Necessary caveat: I love animals.
I don’t believe in animals being slaughtered inhumanely or tortured while they are alive. I don’t believe our current factory farming system is very healthy for us or ethical to animals or the best solution for protecting the environment. I don’t believe the general wastefulness in our culture regarding food – especially meat – is acceptable. I do believe many people could benefit from eating less meat. I don’t believe in abusing farm animals, pets, or wild animals in any way.
Animal rights is bullsh*t.
I do not oppose “animal rights” in the sense of promoting specific policies to limit the sufferings of beings that are capable of suffering, feeling pain, etcetera. These policies – such as laws against torturing or abusing animals or bestiality, for example – are compassionate and morally necessary.
I vehemently oppose animal rights, because animal rights activism is a dangerous ideological movement.
If animal rights activism was an issues-based movement, I wouldn’t have a problem with it, however, this is not the case (and you can see the same thing with feminism).
According to Wikipedia:
Advocates of animal rights as well as activists for animal liberation hold the view that to deny the most basic needs of sentient creatures—such as the avoidance of pain—to non-human animals, on the basis of species membership alone, is a form of discrimination akin to racism or sexism. Many animal rights advocates argue that non-human animals should be regarded as persons and members of the moral community whose interests deserve legal protection.
When most of us hear the term “animal rights”, we assume an issues-based perspective. Unfortunately, the reality is that most (there is argument within that community, of course) animal rights activists assume an ideology-based perspective, and this is made clear by their choice of wording.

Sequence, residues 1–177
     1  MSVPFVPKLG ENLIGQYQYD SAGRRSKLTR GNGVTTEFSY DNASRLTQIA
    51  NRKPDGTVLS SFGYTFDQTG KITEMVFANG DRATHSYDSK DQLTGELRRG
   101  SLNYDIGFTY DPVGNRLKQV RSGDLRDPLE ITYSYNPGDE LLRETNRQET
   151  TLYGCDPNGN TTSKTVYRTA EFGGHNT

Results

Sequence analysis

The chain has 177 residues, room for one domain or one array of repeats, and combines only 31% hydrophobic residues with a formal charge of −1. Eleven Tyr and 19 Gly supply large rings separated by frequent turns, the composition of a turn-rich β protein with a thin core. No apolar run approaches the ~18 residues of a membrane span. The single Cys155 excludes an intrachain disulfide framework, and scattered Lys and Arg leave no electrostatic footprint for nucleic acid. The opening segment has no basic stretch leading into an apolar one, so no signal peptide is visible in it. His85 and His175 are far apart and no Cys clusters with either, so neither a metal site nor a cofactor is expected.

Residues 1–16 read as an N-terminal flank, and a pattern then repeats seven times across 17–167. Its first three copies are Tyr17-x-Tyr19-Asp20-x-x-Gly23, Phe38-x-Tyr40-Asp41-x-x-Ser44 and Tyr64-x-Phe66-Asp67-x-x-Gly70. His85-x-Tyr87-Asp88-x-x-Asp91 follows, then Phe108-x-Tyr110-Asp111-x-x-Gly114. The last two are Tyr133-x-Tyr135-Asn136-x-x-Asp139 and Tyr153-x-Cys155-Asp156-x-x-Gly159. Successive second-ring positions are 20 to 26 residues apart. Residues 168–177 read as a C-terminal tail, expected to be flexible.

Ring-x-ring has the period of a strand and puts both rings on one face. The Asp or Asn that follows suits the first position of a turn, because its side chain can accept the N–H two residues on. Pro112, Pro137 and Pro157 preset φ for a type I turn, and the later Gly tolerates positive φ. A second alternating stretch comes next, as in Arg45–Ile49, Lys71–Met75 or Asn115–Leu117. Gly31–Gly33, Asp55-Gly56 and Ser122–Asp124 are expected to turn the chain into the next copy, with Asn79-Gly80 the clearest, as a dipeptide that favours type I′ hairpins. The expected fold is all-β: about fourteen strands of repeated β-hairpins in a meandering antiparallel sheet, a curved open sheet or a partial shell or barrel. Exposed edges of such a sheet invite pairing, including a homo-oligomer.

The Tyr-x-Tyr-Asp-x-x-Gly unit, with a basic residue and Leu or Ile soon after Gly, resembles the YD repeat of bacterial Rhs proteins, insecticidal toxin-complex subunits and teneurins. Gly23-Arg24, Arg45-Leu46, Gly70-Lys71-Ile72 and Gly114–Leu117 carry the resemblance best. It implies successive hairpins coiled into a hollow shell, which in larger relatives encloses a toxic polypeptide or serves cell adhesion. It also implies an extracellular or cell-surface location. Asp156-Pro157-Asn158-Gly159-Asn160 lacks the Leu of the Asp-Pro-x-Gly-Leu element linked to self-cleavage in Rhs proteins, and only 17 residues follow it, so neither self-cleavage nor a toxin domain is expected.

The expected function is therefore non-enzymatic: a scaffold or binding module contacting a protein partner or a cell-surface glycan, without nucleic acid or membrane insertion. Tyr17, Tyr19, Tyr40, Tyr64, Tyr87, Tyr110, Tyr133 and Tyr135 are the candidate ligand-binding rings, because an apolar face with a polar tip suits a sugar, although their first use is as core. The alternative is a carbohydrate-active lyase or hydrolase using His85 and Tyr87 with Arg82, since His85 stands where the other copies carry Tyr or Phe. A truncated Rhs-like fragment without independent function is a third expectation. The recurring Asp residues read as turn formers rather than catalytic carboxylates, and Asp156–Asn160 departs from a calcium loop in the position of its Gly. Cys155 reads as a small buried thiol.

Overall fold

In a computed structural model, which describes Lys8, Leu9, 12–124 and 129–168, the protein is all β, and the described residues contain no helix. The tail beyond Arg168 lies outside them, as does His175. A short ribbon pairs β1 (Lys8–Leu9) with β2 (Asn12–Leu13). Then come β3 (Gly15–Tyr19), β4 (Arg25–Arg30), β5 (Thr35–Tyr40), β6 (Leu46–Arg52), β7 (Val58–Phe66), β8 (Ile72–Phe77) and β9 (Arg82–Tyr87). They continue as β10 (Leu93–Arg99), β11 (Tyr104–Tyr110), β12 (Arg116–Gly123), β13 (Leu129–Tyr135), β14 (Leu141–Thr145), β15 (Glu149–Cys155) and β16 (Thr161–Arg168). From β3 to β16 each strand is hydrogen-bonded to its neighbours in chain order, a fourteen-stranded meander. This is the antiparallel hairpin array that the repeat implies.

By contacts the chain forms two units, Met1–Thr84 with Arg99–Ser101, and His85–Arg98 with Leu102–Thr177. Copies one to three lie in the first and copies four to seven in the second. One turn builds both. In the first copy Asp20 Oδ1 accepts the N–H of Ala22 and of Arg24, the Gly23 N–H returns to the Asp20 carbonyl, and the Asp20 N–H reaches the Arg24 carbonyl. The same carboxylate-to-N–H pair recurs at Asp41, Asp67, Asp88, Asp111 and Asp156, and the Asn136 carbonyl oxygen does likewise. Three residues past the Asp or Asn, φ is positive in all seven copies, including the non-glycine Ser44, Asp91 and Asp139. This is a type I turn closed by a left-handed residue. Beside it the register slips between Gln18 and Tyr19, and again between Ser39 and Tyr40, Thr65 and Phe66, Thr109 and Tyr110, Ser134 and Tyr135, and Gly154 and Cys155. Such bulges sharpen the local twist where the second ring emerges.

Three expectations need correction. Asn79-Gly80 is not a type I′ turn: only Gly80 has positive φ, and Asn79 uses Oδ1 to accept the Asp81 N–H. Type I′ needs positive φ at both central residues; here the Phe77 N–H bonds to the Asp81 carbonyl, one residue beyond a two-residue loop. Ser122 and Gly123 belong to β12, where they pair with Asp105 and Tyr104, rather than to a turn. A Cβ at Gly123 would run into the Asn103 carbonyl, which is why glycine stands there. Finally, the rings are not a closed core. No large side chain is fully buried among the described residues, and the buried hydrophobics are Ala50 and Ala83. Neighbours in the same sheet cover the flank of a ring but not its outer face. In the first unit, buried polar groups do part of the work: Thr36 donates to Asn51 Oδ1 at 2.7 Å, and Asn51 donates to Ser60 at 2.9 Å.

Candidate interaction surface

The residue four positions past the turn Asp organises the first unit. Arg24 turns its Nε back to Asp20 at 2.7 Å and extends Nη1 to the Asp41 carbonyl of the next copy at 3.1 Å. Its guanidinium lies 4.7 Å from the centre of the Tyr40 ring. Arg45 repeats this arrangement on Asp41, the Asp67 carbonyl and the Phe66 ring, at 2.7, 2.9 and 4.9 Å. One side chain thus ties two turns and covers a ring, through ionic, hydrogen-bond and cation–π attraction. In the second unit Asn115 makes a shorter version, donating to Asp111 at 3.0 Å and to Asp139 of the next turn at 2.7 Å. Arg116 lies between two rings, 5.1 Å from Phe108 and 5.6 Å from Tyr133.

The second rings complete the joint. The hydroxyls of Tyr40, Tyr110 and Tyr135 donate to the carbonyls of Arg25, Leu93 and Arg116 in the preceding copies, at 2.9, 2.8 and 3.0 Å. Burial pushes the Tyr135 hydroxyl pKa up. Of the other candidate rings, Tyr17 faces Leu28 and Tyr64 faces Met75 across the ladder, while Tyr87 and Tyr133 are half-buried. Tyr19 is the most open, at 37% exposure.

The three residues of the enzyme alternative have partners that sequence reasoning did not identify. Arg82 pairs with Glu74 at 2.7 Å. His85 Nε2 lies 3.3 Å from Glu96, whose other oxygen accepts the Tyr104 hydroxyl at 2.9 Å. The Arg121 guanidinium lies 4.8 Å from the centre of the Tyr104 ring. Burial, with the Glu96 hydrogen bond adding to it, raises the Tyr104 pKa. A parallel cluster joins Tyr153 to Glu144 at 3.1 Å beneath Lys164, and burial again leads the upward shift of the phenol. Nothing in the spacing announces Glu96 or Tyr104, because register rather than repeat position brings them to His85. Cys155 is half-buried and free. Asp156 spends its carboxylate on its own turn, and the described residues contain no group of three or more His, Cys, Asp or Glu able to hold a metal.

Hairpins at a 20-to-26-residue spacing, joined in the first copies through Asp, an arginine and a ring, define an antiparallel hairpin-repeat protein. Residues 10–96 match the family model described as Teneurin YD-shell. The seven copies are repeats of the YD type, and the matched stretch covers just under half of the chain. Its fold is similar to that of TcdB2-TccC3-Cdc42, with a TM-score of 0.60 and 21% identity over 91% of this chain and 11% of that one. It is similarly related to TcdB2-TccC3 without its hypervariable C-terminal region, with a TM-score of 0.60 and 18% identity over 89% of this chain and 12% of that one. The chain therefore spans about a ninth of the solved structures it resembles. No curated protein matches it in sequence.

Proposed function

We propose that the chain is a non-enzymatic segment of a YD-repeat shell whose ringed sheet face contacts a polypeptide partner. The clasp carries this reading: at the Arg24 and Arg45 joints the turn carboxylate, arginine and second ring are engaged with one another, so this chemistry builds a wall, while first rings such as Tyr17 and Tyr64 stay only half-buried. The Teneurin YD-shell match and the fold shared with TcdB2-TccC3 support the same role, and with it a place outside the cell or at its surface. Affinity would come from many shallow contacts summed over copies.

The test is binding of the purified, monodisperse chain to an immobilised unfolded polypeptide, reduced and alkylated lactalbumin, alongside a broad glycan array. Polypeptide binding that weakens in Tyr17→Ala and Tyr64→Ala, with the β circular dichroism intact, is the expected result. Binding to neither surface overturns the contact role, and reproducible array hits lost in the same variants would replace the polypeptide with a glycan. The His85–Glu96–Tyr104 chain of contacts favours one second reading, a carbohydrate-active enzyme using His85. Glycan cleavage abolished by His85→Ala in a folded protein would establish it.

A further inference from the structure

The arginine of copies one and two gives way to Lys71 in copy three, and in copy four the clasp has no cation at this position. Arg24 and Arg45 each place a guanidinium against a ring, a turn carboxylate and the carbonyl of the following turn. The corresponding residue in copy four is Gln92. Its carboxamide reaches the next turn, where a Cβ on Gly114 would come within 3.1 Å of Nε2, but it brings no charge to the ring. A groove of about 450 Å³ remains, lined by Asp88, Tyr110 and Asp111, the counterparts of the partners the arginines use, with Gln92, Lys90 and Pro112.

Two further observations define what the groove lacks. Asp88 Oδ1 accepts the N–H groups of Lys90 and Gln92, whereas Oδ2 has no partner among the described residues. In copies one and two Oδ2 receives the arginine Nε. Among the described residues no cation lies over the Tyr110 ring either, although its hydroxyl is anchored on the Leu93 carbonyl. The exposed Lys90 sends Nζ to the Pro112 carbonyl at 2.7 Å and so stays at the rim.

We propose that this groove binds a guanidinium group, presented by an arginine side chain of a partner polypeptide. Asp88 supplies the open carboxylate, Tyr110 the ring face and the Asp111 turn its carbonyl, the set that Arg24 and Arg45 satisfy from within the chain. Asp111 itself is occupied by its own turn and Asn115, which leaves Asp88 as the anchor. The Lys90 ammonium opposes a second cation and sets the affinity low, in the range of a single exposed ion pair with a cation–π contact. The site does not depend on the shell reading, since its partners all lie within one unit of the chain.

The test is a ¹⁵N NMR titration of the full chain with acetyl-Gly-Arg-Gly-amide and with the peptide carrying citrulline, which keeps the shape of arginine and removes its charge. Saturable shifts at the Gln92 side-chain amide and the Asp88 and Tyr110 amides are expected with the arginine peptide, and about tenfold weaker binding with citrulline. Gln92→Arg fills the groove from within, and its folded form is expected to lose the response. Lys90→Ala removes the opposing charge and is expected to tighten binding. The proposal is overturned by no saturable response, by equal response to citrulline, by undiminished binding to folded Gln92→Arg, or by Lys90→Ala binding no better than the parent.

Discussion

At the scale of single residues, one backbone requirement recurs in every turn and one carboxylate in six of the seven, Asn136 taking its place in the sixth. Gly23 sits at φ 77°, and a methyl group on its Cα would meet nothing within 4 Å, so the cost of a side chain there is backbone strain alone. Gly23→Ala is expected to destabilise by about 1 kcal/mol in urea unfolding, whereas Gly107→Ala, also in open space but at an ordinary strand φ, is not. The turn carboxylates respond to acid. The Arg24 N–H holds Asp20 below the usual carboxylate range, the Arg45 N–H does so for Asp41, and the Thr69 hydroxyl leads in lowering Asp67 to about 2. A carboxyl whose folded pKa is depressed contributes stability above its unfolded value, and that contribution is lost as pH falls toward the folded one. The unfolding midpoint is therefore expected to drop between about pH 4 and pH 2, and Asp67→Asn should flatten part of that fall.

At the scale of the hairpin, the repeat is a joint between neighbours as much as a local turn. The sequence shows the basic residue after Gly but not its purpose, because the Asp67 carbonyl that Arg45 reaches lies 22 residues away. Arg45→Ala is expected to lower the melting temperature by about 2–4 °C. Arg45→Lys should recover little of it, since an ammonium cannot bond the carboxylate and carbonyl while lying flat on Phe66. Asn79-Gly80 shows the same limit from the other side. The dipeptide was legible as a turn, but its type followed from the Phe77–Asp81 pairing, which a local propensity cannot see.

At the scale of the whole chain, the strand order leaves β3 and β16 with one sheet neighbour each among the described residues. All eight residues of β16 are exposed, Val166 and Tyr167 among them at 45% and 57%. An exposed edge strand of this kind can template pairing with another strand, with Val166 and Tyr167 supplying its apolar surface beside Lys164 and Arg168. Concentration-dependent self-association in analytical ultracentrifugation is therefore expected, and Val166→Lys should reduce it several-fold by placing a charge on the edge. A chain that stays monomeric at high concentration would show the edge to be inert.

Animal rights is not about limiting suffering to beings who can experience suffering.
Animal rights is the idea that because humans are animals, animals are humans.
This is a logically untenable position.
Scientifically speaking, human beings are animals.
And yes, of course, animal rights activists en masse are not implying that animals are literally homo sapiens.
But animal rights activists are saying that human beings are just members of the kingdom animalia, and therefore, we have no right to use animals for our own purposes.
(This ideological premise, of course, has far-reaching consequences in regard to how human beings interact with each other within the human species, but we’ll get to that.)
I used to be a vegetarian. I used to donate to PETA. I used to call myself an animal rights activist. My dad and I discussed this facet of my life all the time. And every single debate we would have, he always made one point that I could never adequately answer – and, over time, my inability to maintain a consistent worldview and call myself an animal rights activist led to me dropping the latter.
I realized that not only was I lowering my fellow human beings to the level of “just animals”, but I was eroding the very safety of the animals I loved and wanted to protect.
If humans are just animals, why do we have any moral or ethical compulsion to protect animals at all?